Although mistletoe’s reputation as the sprout of love may seem like a thing of the present, it actually takes root in ancient times. The plant’s knack for staying lush and fruitful throughout the year led the ancients to use it as a symbol of fertility, and the Greek goddess Artemis wore a crown of mistletoe as an emblem of immortality. The plant also played a sacred role in the Druids’ celebration of the Winter Solstice: They would use a golden knife to cut it from the oak, and they would use it to make potions that were believed to boost procreation.
Other civilizations saw mistletoe as a sign of peace rather than provocativeness. Ancient Scandinavians demanded that anyone who came across an enemy beneath the bloom had to put their weapons aside, give each other a hug, and agree to a truce for the rest of the day. This kind gesture could be what initially sparked the affectionate custom of kissing beneath the berries.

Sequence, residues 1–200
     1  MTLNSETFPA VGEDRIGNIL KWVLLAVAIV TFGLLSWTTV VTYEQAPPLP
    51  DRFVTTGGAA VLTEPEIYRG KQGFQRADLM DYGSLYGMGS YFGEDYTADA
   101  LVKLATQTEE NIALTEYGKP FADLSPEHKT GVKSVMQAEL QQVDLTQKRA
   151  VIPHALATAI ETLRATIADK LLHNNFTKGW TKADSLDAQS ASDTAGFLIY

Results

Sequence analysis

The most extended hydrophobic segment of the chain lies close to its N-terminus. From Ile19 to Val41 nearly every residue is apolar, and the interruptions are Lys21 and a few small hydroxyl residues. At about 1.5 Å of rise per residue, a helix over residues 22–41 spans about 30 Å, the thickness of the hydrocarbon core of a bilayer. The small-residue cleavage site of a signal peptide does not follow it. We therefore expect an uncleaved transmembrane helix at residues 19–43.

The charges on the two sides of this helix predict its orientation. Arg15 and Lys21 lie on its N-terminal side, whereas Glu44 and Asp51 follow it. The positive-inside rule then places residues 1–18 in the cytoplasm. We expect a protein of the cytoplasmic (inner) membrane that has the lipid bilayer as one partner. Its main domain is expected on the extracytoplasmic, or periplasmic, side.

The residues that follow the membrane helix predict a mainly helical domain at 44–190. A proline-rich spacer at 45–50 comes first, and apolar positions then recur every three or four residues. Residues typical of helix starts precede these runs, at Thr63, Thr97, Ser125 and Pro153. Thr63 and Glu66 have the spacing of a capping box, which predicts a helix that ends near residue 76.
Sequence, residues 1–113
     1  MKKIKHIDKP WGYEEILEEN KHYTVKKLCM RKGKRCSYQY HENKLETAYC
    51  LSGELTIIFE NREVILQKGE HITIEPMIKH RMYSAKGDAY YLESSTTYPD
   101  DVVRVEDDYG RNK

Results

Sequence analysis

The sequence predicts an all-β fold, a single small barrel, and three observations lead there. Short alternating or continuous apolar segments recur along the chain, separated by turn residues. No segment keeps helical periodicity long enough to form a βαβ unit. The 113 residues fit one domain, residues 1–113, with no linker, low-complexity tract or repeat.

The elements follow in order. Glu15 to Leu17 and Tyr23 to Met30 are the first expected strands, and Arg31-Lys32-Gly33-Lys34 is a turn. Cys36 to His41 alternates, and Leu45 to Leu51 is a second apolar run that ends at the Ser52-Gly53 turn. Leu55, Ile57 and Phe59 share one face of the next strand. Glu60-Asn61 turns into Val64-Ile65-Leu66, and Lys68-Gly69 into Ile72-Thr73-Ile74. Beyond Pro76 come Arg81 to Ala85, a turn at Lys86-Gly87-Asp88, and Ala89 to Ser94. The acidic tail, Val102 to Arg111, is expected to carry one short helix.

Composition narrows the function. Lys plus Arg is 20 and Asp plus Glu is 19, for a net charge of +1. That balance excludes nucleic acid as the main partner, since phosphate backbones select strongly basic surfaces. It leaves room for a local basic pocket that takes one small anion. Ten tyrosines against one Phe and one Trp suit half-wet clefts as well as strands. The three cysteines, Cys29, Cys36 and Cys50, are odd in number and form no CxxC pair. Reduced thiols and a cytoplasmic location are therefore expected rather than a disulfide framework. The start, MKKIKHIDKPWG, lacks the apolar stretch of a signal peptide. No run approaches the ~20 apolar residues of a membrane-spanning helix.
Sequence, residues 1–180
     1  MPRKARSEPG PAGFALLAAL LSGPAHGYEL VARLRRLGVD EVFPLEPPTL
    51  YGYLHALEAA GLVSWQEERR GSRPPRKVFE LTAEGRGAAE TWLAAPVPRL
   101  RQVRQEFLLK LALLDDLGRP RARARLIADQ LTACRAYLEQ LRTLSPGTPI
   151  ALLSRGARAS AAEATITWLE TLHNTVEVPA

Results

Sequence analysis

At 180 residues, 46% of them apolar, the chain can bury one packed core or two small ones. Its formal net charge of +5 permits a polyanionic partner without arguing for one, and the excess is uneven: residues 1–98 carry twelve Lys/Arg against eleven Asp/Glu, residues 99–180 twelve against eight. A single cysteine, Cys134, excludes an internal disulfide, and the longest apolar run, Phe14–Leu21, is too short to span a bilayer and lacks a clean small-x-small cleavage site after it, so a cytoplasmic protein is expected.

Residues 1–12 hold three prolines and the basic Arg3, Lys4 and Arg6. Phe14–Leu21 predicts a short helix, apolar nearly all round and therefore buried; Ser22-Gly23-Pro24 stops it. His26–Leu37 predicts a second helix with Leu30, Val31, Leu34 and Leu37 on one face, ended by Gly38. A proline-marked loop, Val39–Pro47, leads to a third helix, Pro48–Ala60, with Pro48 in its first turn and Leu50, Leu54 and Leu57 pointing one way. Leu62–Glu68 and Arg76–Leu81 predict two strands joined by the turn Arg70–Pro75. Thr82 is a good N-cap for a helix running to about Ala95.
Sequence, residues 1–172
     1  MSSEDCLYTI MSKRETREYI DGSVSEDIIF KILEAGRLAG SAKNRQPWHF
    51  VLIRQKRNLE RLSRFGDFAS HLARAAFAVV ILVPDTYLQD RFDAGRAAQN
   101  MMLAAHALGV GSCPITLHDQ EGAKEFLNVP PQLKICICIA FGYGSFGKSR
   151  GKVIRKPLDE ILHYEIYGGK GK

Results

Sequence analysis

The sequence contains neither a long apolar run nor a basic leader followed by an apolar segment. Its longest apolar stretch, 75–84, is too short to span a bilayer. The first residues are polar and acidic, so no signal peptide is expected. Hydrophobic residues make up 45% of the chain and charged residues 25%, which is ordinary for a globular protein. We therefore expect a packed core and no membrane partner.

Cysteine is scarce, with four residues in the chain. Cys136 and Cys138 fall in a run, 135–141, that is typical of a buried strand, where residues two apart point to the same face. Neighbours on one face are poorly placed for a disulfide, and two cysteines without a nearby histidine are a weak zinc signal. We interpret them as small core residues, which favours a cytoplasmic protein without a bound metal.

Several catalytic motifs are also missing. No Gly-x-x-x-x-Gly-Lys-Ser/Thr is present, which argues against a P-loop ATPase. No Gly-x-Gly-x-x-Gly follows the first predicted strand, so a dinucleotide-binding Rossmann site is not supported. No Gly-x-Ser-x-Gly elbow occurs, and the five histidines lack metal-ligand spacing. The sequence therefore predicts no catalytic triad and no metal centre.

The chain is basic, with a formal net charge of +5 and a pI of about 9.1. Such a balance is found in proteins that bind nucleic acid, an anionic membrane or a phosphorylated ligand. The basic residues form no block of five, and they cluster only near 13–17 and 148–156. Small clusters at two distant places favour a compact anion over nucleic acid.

But the most well-known myth behind the history of mistletoe is the legend of Baldar, the Norse god of the summer sun. When Baldar dreamed about his own death, his mother—Frigga, the goddess of beauty and love—begged all the plants, animals and earthly elements to protect him. But she forgot to talk to one plant that was high off the ground: the mistletoe. That’s when Loki, the god of mischief, fashioned a poisoned dart from mistletoe and killed Baldar, bringing darkness and cold to the entire world. But when the grieving Frigga shed tears all over the mistletoe berries, Baldar magically came back to life. Frigga was so happy that she gratefully kissed everyone who walked underneath the mistletoe, establishing it as the kissing plant we know it as today.
This little bough of berries is no ordinary plant: It doesn’t grow in the ground. Instead, it lives on, and feeds off of, the bark of trees (oaks, mostly). It even thrives during the winter, when trees shed their foliage, creating a beautiful tuft of bright green leaves and juicy berries among the bare branches. The tiny berries can be either bright red or white, and the color of its flowers can range anywhere from yellow to green. Even though the berries were once thought to be an aphrodisiac that held the soul of the tree, they’re actually quite poisonous.
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